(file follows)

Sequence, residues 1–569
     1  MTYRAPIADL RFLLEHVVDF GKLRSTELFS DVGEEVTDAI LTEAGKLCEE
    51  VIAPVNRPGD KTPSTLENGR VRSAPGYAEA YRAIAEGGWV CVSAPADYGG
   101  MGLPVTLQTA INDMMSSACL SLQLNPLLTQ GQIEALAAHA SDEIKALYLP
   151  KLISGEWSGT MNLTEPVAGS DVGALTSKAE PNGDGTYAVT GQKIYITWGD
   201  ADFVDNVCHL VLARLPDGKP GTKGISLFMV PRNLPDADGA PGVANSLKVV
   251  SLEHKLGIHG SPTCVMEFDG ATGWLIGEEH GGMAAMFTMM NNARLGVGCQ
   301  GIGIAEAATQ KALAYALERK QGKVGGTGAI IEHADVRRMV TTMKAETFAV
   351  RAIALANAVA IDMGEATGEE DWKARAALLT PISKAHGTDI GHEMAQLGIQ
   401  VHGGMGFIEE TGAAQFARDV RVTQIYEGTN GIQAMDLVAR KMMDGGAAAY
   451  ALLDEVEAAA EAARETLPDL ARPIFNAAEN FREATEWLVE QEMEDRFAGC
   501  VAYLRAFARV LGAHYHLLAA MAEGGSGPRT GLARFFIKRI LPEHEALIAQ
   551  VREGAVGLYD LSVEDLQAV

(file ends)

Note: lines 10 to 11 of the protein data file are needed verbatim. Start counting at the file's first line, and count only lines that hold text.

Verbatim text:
   401  VHGGMGFIEE TGAAQFARDV RVTQIYEGTN GIQAMDLVAR KMMDGGAAAY
   451  ALLDEVEAAA EAARETLPDL ARPIFNAAEN FREATEWLVE QEMEDRFAGC